- The Washington Times - Wednesday, March 16, 2005

Monday’s false alarm anthrax scare at three Pentagon letter-processing centers served as a reminder of the October 2001 anthrax attacks that killed five persons and remain unsolved.

Investigators have made no arrests and have named no suspects in the 31/2-year-old probe into who sent the anthrax letters to senate offices on Capitol Hill and media outlets in Florida and New York.

But authorities, who say they are still devoting more than 1,000 man-hours per week to the investigation, said there’s no statute of limitations on murder so it’s unlikely the probe will end because of a lack of leads.

“We will proceed with this investigation to its end,” said Debbie Weierman, spokeswoman at the FBI’s Washington field office, which is leading the still “intensely active” probe called “Amerithrax.”

“We have 30 FBI special agents and 15 postal inspectors dedicated full time to this case,” she said, adding that a separate team is investigating last year’s discovery of poisonous ricin on Capitol Hill. No one died in that incident, which also remains unsolved.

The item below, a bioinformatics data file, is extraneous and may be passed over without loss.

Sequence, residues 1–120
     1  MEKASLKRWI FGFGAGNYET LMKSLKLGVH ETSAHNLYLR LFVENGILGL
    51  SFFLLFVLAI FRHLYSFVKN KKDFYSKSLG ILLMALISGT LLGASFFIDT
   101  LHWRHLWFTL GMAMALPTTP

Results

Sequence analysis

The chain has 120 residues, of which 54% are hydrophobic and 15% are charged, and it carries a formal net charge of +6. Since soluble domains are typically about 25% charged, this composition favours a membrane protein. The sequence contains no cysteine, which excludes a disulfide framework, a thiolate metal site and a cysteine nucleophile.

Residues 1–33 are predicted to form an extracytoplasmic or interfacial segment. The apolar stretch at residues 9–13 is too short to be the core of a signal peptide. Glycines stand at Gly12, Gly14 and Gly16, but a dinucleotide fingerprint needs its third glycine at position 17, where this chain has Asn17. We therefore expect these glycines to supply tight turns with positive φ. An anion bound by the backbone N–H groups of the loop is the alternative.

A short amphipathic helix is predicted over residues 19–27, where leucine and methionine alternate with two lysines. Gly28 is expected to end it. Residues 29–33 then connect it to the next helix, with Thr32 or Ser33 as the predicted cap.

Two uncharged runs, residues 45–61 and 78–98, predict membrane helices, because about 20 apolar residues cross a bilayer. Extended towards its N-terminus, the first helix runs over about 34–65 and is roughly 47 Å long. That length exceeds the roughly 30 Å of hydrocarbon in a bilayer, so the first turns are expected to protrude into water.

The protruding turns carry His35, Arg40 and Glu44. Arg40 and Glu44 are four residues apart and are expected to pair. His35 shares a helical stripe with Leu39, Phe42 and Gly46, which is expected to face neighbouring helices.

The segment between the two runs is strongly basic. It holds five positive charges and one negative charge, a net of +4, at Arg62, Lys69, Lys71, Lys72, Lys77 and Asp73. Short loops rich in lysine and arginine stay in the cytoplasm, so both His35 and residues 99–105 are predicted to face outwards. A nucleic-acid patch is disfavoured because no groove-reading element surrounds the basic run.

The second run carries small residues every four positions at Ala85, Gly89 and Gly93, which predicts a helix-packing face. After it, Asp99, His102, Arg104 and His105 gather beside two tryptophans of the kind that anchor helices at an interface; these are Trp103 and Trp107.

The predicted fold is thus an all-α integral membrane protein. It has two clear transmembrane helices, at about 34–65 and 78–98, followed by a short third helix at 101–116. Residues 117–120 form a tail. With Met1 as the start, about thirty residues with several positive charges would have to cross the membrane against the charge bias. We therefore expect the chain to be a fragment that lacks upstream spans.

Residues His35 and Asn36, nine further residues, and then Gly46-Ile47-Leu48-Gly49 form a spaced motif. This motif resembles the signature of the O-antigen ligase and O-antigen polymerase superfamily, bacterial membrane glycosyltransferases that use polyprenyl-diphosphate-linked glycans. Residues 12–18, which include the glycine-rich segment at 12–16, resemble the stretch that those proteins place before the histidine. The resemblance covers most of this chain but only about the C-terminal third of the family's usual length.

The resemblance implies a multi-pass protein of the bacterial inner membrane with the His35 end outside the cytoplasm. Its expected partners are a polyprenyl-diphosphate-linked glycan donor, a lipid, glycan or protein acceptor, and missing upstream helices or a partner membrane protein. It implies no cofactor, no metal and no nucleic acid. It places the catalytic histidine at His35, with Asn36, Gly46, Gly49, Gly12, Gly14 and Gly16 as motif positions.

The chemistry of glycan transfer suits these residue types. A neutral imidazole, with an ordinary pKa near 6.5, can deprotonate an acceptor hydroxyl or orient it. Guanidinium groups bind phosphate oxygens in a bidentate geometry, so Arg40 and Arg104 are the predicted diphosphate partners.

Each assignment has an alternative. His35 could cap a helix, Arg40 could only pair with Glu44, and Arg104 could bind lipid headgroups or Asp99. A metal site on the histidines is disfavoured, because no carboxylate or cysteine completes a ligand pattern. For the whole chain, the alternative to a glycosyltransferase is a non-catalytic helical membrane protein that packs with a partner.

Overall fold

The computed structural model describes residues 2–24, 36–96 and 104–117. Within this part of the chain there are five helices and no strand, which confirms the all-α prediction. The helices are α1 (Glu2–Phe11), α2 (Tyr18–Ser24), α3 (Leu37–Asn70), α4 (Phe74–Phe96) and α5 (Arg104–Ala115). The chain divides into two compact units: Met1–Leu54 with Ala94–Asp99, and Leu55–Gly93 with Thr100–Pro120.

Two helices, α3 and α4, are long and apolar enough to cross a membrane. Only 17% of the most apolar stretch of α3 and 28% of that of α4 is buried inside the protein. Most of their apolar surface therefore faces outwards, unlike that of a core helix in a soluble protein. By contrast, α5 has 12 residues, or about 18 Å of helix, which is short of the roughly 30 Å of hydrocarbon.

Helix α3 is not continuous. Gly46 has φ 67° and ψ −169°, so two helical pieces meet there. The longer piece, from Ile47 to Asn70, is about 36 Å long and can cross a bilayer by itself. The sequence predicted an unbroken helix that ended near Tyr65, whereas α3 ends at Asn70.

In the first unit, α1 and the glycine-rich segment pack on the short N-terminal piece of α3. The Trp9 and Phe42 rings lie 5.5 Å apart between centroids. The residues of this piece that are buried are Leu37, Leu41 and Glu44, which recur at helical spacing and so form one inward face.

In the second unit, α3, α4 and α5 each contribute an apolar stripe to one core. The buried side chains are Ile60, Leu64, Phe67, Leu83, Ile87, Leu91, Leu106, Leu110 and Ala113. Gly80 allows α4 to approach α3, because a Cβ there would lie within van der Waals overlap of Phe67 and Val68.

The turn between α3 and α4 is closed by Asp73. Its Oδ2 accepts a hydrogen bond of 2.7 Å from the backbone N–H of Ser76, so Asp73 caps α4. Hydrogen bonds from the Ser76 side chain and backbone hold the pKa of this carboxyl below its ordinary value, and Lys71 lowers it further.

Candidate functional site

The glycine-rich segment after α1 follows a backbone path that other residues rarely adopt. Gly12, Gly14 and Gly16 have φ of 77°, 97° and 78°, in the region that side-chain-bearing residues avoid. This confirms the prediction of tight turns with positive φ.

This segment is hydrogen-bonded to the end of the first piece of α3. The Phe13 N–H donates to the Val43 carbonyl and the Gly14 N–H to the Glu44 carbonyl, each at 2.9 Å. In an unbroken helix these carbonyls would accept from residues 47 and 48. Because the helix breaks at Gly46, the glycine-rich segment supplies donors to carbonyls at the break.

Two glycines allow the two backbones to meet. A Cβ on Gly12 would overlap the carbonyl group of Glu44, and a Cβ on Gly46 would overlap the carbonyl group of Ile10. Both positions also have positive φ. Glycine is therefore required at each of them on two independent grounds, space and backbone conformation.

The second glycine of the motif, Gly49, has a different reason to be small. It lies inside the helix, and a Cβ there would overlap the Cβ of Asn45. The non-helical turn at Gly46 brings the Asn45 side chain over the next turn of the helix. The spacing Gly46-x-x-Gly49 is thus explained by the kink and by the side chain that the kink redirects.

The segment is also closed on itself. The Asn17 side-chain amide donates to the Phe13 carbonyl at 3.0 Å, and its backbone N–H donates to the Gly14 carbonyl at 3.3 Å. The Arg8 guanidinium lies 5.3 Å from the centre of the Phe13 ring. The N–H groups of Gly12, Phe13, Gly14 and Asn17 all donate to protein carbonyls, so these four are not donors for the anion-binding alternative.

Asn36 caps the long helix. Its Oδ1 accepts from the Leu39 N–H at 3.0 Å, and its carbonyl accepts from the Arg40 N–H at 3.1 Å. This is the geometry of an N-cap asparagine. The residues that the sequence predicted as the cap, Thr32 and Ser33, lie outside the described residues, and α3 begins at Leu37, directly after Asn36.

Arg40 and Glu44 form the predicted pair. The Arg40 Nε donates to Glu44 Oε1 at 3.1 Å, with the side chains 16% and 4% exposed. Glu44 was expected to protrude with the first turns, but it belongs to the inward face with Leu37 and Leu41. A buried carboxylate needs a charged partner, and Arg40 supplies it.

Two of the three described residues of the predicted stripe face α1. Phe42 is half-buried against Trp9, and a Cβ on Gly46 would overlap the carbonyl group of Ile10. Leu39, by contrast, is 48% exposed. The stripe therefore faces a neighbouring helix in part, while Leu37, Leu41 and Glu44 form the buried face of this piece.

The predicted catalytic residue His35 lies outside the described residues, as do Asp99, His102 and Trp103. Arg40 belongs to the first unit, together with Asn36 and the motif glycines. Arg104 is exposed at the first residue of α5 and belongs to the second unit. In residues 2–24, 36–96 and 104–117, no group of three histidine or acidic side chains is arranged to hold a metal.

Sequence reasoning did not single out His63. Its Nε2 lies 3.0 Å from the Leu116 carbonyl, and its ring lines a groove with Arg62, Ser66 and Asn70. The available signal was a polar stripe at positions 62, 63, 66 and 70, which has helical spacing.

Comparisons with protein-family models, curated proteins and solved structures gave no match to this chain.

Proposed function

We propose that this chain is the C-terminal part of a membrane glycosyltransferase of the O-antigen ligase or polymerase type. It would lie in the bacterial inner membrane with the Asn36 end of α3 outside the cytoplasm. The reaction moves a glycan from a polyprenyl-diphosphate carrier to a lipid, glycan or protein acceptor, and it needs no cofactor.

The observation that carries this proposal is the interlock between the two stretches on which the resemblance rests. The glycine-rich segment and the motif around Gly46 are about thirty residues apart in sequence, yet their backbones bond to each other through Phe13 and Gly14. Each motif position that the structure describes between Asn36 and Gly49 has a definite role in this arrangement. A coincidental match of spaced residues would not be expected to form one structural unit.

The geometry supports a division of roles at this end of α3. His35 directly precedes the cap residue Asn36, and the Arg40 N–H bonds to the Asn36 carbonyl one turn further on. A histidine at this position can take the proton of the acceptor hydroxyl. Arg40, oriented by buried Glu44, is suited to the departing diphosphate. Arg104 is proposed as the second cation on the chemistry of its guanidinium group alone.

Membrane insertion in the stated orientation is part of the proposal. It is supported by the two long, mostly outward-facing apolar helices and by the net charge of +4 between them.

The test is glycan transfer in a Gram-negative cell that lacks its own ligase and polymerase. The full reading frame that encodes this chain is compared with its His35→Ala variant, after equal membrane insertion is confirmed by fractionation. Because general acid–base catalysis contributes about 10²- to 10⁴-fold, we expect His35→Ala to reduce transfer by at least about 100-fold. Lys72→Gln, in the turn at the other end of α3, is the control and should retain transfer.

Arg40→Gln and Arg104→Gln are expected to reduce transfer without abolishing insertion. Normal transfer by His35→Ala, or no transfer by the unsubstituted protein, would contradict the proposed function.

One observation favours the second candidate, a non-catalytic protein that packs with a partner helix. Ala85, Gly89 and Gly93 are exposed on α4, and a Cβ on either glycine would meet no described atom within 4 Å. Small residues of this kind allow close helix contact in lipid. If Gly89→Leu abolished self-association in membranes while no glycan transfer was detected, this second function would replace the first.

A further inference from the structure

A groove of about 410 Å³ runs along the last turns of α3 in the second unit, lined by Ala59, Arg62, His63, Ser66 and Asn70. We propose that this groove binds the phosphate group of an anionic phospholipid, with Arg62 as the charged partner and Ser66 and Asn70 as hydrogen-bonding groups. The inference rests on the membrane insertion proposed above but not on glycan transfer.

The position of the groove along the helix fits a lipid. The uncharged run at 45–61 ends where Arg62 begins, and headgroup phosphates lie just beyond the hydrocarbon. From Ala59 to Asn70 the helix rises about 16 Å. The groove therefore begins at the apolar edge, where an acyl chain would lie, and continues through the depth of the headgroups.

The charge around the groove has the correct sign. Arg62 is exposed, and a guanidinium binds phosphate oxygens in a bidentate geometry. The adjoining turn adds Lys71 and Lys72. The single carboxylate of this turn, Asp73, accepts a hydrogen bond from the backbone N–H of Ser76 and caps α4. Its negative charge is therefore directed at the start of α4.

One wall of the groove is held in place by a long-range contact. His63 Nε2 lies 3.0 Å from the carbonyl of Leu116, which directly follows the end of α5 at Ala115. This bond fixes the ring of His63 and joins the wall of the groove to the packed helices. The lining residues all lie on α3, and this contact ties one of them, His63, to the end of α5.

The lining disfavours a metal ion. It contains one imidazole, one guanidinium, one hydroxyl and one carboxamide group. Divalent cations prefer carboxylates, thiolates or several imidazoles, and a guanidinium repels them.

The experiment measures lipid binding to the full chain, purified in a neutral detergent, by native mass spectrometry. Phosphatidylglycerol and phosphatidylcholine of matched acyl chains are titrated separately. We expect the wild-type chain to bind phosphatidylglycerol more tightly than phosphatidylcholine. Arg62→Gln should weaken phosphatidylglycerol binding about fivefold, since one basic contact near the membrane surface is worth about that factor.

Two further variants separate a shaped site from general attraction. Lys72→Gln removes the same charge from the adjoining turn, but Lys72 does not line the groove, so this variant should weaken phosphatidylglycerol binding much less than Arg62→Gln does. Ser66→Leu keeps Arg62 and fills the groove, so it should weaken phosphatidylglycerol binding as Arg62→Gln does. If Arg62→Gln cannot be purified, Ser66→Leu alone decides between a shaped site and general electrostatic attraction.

The Postal Service, meanwhile, said its V Street annex in Northeast reopened yesterday after Monday’s false alarm. Officials don’t think the scare was a hoax, but rather the result of mistaken initial testing.

Several people have faced serious charges in anthrax hoaxes since 2001. Last week, a man who mailed powder and death threats to British officials pleaded guilty in Miami to threatening to use a weapon of mass destruction.

If caught, those behind the 2001 attacks could be charged with murder and using a weapon of mass destruction.

The FBI says more than 5,000 federal grand jury subpoenas have been served during the Amerithrax probe, but declined to give specifics, including about how much the investigation has cost.

Investigators have appeared hot on leads surrounding the U.S. military’s biodefense laboratory at Fort Detrick. In 2003, they drained a pond near the fort in an apparent search for evidence tying the attacks to scientist Steven Hatfill, who once worked at the laboratory. Trailed by FBI agents for months, Mr. Hatfill has sworn his innocence and has a lawsuit pending against the FBI.

Last March, agents interviewed more than a dozen Environmental Protection Agency (EPA) scientists. The FBI declined to comment, but EPA sources said the focus was an anonymous letter accusing an Egyptian-born scientist of plotting biological warfare against the United States in the days before the anthrax attacks.

Investigators continue to follow “any and all leads,” Mrs. Weierman said yesterday.

“We are following up on all domestic leads and continue to partner with the intelligence community to address indications of international terrorist or state sponsor involvement in the attacks.”

The FBI and the Postal Service are offering $2 million for information leading to an arrest and conviction.

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